SANS Digital Forensics and Incident Response Blog: Tag - EXT4

Understanding EXT4 (Part 5): Large Extents

Hal Pomeranz, Deer Run Associates I've received a lot of positive feedback from the forensics community about this series of articles, but what's really rewarding is when other forensics researchers teach me something I didn't know. I recently received an email from a colleague in Europe who was looking at the extent trees for a … Continue reading Understanding EXT4 (Part 5): Large Extents


How to Mount Dirty EXT4 File Systems

Hal Pomeranz, Deer Run Associates As some of you may remember, I've previously written about a technique for mounting EXT3 file system images with the read-only option, even when power was abruptly removed from the system- as is typical during forensic seizure- and the file system is still "dirty". In these cases, my technique involves … Continue reading How to Mount Dirty EXT4 File Systems


Understanding EXT4 (Part 4): Demolition Derby

Hal Pomeranz, Deer Run Associates In Part 3 of this series we looked at the EXT4 extent tree structure for dealing with very large or very fragmented files- basically any situation where you need more than the four extent structures available in the inode. Go back and read that part now if you haven't already, … Continue reading Understanding EXT4 (Part 4): Demolition Derby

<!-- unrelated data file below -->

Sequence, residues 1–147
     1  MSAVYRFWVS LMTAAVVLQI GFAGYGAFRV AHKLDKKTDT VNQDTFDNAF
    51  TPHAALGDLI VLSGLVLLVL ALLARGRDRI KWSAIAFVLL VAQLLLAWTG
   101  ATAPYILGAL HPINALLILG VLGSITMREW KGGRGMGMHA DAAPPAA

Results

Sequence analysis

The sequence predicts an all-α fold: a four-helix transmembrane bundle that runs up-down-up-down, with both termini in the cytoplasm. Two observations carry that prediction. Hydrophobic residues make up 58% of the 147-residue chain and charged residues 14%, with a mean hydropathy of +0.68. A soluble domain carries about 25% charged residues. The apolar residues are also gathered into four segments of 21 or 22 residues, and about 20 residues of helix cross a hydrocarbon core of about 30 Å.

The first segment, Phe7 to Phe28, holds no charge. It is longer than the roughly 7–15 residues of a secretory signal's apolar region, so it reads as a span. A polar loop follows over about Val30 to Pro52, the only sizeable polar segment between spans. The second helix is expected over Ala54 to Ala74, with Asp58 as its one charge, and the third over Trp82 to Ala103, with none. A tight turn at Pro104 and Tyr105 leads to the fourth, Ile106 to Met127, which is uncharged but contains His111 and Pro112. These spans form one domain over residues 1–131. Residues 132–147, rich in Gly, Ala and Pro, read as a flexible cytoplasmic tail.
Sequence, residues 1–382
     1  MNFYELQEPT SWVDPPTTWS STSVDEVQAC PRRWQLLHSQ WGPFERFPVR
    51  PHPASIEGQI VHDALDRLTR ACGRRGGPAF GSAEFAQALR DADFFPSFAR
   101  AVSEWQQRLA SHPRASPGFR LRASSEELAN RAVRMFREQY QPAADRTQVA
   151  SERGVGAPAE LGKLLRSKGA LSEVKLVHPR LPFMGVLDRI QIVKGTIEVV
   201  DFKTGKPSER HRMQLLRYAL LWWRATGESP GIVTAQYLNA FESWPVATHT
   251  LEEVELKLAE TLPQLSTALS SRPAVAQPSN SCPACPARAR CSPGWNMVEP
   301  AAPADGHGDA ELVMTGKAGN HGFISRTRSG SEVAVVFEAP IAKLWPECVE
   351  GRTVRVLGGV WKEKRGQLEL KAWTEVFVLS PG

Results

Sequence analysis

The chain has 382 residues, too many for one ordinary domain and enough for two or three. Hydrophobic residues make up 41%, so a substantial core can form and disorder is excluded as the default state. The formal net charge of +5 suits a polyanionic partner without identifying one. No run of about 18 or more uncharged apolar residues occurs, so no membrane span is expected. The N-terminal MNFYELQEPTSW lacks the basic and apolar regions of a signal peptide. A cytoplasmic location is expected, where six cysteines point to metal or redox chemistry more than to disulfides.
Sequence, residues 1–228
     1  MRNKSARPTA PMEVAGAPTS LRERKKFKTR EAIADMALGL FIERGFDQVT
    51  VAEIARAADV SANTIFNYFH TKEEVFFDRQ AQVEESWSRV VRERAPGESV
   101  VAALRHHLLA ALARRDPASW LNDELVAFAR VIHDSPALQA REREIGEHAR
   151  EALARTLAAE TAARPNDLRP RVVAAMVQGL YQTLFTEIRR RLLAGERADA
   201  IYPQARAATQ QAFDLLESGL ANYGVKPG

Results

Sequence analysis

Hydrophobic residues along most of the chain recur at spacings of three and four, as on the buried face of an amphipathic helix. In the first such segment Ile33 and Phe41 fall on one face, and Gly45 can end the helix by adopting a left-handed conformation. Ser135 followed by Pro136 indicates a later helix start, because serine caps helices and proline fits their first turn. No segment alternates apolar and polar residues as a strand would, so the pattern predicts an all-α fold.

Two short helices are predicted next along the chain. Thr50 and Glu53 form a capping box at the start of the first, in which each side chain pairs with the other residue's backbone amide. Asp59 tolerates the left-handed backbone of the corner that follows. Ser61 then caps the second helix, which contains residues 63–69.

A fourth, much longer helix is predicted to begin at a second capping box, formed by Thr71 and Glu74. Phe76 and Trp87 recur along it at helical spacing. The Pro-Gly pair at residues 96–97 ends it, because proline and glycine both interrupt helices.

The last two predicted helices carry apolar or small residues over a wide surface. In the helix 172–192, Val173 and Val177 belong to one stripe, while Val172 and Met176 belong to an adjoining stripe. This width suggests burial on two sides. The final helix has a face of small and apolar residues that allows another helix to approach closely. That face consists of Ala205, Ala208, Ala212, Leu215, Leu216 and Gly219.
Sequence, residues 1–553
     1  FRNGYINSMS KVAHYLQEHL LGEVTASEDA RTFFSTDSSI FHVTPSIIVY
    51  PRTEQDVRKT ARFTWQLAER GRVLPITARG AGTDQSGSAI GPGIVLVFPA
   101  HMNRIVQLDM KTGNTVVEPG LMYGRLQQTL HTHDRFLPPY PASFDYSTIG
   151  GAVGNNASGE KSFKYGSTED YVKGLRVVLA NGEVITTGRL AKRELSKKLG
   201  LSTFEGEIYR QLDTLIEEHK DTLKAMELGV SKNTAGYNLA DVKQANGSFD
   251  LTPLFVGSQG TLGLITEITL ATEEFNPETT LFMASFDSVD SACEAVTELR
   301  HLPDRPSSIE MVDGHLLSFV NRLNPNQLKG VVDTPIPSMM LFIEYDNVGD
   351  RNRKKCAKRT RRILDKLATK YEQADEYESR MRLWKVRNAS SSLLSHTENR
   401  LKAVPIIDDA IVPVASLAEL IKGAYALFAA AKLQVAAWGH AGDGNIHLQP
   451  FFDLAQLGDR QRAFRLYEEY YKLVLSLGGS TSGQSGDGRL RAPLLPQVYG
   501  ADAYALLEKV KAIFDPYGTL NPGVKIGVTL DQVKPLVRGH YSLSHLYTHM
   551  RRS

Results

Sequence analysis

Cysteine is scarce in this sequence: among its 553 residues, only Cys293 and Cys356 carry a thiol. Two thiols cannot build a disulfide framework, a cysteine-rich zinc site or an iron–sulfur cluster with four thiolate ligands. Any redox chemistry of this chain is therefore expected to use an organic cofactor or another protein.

Understanding EXT4 (Part 3): Extent Trees

Hal Pomeranz, Deer Run Associates There's one more big concept we need to cover before you can really start decoding EXT4 file systems. As I mentioned in Part 1 of this series, you can only have a maximum of 4 extent structures per inode. Furthermore, there are only 16 bits in each extent structure for … Continue reading Understanding EXT4 (Part 3): Extent Trees


Understanding EXT4 (Part 2): Timestamps

Hal Pomeranz, Deer Run Associates Well I certainly didn't plan on three months elapsing between my last post on EXT4 and this follow-up, but time marches on. That was supposed to be a clever segue into the topic for this installment- the new timestamp format in the EXT4 inode. OK, I know what you all … Continue reading Understanding EXT4 (Part 2): Timestamps